The move by the Maldives to terminate GMR Infrastructure’s 25-year contract to own and operate the Male International Airport is a “totally economic decision” that is crucial to its survival, according to Ahmed Adeeb Abdul Gafoor, Minister of Tourism, Arts and Culture of the Maldives.

In a telephone interview to The Hindu from Male, Mr. Gafoor said: “The terms of the contract are not positive. We believe that this airport is a strategic asset for the government, and we cannot accept a situation where we have to pay someone to run it.”

Holding that there was no concession agreement in the world with a $25 Airport Development Charge, he said tourism was growing and the government would have to pay GMR for every extra tourist arriving in Male. “This year, we have paid them $7 million and with tourist arrivals growing, next year we may have to pay them $8 million. This is not sustainable.”

A million tourists visited the Maldives this year, and Mr. Gafoor expects the number to go up to five million in the 25 years that the GMR concession will run.

Explaining the context of the termination, he said privatisation of the only international airport in the country ought to have been done with Parliament’s approval instead of being an executive decision. The airport had to be accessible and cheap for airlines as it was critical for tourism, the mainstay of the island nation’s economy.

Referring to the contract as “lopsided,” Mr. Gafoor said it gave revenues only to the investor (GMR) and not to the government. “This deal is similar to the Delhi airport contract with GMR, but the government there got a better deal with a 45 per cent share of the revenues. We get only 1 per cent here.”

Mr. Gafoor stressed repeatedly at different points during the conversation that the decision had nothing to do with India politically.

“We have no issue with India, which is our closest friend. This is a company-to-company (Maldives Airport Company-GMR) issue and [it] will be resolved. India is our big brother, and I’m sure will understand.”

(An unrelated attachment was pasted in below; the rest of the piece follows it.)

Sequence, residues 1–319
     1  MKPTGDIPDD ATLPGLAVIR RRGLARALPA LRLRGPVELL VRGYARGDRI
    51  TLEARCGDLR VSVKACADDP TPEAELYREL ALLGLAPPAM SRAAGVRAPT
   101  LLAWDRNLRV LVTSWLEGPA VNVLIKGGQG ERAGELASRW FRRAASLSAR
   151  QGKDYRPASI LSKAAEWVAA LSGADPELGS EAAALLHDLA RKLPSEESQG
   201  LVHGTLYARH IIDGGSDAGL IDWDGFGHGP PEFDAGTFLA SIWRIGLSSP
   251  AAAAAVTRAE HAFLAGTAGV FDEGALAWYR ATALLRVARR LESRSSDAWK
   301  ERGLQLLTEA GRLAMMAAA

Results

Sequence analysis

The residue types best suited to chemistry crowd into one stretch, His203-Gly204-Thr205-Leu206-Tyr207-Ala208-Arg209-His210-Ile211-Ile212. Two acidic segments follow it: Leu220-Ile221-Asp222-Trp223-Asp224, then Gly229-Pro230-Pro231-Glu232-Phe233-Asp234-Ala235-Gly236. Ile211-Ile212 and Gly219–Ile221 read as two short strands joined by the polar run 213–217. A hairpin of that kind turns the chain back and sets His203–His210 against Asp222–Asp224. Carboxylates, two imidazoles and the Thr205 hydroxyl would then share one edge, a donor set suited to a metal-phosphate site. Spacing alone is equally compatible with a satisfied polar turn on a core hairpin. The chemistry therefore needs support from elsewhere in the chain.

He sought to underline the fact that the Maldives had no problem with GMR but only with the process followed for the contract. “We are not hostile to GMR and have no issue with the company,” he said. The “real culprit of the deal is the previous government.”

Redemption of bonds

Asked whether his government was prepared to compensate GMR for the termination, he said it should be decided in court. “If GMR can prove its investments and it is validated by an independent party, we will bear it,” he said, pointing out that only on Monday did his government redeem $50 million of its bonds held by State Bank of India.

“The bonds fell due, and we asked for a roll-over but the Indian government said it was not possible and we redeemed them.” The Maldives government appears determined to regain control over the airport when the deadline ends on December 7.

Asked what its options were if GMR dug its heels in, Mr. Gafoor said: “We’ve requested them and we believe there will be a smooth transition. They are a professional company, and I believe they will respect us.” What if GMR offers a compromise, agreeing to renegotiate the contract on terms more favourable to the Maldives?

“Time has gone beyond that. Even our President had asked them several times in the last few months for a discount on fuel prices, but they did not agree.”

Asked whether this meant he was ruling out a compromise, the Minister retorted with a categorical “Yes, this is best resolved through arbitration.”